I first came across Tokyo’s Glitch Coffee & Roasters on my around the world trip in 2018. Then, I knew it as a small coffee shop/roaster, with a passion for light roasts and filter coffee. When I returned to Tokyo in September this year, I learnt that there was a second branch of Glitch, in Asakaka, closer to my hotel, so on my final day in Tokyo, I set out to explore.
Glitch Coffee Brewed is in the basement lobby of Nine Hours, a newly-opened capsule hotel, both hotel and coffee shop having opened in May this year. There’s not much seating, just nine stools at a U-shaped counter, with a bench inside and another outside. It doubles down on Glitch Coffee & Roasters’ filter obsession, only offering pour-over (via the V60), with a similar range of beans and tasting flights. If you can’t wait, there’s also batch-brew during the week.
The Pilgrm is a small, boutique hotel almost directly opposite the front of Paddington station which just happens to have a speciality coffee counter in the lobby downstairs, run by Workshop. If that’s all there was to it, it would be pretty awesome, but there’s more. The Pilgrm also has an upstairs lounge and terrace, which, while catering primarily to hotel guests, is also open to the public, serving breakfast, lunch and, in the afternoon/evening, a range of small plates and drinks. And then there’s the coffee…
While the coffee counter works as a standalone operation, you can take your coffee and sit upstairs, or, alternative, sit upstairs, where there’s full table service, and order your coffee there, the barista bringing it up to you. Having spent most of my week in the Paddington area popping into Workshop for either an espresso or a flat white, usually on my way to the office, I decided I had to try the lounge, popping by on Friday afternoon for coffee and returning on Saturday morning for breakfast.
The Pilgrm is a small, boutique hotel in an old townhouse on London Street, almost directly opposite the front of Paddington station. In itself, it makes for quite an attractive hotel, but the icing on the cake is that in August last year, Workshop took over the coffee operation, installing itself behind the counter in the simple, well-appointed lobby, which is effectively a small (and beautiful) coffee shop. The coffee offering is equally simple, well-appointed and beautiful, with a concise espresso menu (with decaf getting equal billing with a single-origin option) backed up with another single-origin on batch-brew, both changing roughly once a week.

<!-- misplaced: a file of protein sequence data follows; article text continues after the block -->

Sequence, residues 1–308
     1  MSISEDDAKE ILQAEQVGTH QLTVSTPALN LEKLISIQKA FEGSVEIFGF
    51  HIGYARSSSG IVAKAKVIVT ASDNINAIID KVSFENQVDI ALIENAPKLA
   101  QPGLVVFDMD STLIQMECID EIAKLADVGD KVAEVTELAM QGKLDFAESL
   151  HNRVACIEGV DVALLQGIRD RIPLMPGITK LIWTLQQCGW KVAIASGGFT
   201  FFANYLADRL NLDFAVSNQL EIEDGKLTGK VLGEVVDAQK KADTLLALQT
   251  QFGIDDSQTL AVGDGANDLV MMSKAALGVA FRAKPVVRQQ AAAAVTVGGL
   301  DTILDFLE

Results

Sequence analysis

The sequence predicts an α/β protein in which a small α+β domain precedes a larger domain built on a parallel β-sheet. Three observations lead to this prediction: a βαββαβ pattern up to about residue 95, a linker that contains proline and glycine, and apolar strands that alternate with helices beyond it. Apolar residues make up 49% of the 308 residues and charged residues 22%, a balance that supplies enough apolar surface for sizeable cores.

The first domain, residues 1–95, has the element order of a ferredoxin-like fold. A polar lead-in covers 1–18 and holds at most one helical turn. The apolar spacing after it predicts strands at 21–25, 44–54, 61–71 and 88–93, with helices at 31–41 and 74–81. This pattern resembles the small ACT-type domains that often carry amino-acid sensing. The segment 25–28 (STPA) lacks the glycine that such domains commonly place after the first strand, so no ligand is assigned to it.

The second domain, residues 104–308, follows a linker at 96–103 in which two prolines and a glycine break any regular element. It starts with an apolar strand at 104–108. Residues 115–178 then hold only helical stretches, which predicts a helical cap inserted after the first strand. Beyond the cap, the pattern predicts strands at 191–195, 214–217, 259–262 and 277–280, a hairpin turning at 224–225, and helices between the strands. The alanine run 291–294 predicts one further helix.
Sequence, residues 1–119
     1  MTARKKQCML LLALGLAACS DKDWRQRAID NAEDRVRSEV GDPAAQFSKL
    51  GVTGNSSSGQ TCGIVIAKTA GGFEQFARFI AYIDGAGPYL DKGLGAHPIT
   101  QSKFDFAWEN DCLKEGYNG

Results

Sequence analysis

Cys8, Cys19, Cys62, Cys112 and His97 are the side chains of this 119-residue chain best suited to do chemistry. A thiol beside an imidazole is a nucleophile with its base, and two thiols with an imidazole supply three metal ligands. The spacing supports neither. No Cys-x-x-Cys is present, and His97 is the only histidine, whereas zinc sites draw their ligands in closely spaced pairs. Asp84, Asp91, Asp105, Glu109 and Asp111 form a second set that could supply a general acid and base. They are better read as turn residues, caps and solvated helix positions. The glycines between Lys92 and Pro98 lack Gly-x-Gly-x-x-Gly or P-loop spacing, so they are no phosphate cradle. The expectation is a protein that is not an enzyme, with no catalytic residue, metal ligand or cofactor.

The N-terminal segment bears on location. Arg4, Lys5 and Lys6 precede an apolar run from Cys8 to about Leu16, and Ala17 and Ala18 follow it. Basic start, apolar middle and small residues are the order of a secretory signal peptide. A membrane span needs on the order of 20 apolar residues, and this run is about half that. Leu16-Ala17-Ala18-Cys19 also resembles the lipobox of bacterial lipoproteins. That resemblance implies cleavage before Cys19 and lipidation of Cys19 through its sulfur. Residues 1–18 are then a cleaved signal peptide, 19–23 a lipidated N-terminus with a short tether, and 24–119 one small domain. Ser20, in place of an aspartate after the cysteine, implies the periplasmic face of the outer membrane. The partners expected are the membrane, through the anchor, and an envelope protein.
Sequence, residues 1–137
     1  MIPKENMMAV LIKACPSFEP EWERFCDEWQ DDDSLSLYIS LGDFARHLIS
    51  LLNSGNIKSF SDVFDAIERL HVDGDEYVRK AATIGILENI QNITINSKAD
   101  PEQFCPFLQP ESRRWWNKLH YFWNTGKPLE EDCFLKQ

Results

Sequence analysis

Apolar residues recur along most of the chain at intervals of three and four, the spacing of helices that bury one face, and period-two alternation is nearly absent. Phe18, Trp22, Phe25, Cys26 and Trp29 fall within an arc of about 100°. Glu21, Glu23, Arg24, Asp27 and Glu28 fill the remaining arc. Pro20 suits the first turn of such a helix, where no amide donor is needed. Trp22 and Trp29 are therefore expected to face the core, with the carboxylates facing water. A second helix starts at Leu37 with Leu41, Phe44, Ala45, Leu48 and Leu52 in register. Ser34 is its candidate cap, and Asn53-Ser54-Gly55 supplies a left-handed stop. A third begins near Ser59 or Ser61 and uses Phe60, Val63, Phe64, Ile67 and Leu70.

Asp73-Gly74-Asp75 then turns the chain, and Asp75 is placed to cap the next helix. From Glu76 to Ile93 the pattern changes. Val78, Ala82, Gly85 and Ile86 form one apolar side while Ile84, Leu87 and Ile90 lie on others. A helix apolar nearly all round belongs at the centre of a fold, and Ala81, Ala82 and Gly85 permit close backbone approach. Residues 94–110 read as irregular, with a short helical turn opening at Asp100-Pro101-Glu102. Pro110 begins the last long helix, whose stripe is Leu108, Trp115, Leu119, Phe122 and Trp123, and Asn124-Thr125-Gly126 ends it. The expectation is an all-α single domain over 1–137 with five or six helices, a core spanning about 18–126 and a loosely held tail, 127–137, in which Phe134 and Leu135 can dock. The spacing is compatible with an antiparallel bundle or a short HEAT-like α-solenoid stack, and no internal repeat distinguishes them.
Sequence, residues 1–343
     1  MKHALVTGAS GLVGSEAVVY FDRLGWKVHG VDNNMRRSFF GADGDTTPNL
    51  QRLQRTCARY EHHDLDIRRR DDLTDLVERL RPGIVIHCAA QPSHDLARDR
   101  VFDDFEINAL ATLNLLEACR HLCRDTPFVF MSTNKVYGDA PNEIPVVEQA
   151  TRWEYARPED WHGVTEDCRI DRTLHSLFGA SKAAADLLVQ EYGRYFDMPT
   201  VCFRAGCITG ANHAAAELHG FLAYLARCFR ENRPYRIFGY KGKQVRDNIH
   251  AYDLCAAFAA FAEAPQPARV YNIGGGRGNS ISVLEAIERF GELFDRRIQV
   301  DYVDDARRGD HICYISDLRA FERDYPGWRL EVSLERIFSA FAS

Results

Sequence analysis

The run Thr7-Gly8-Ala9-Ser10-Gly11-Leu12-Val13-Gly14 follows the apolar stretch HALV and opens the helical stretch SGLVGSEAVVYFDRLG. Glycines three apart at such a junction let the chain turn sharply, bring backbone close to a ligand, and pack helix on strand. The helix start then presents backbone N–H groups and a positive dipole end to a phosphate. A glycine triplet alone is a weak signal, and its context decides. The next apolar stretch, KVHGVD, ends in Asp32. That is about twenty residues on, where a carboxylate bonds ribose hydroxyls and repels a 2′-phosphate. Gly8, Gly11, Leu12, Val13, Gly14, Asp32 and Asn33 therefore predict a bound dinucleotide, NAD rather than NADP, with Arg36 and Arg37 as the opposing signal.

If coffee’s not your thing, there’s a small selection of tea and Pump Street hot chocolate, while if you’re hungry, Workshop has a small selection of cake, but nothing else. That said, The Pilgrm has a first-floor public lounge and terrace which serves a full brunch menu until 3pm each day, with snacks served thereafter. You can take your coffee up upstairs if you like, although it’s not very clear if you just wander in off the street. Alternatively, just take a seat upstairs and order your coffee there, which is just what I did at the weekend.
Sometimes I plan my accommodation with great care, picking places on their proximity to outstanding coffee. On other occasions, I just get lucky, which was the case when I stayed in Canary Wharf for work. I selected the Novotel (technically on the Isle of Dogs, not Canary Wharf) because it was under 10 minutes’ walk from the office and conveniently placed for the likes of Taylor Street Baristas and Notes, which I already knew about and planned on visiting en route to/from the office.
What I hadn’t realised was that Canary Coffee, a speciality coffee shop serving Climpson and Sons, was an integral part of the hotel. This meant I could start my day with some excellent coffee before leaving for the office (and didn’t have to get up 20 minutes early to make it myself) while also rounding my day off with top-notch coffee, particularly since it’s open until 10pm every evening.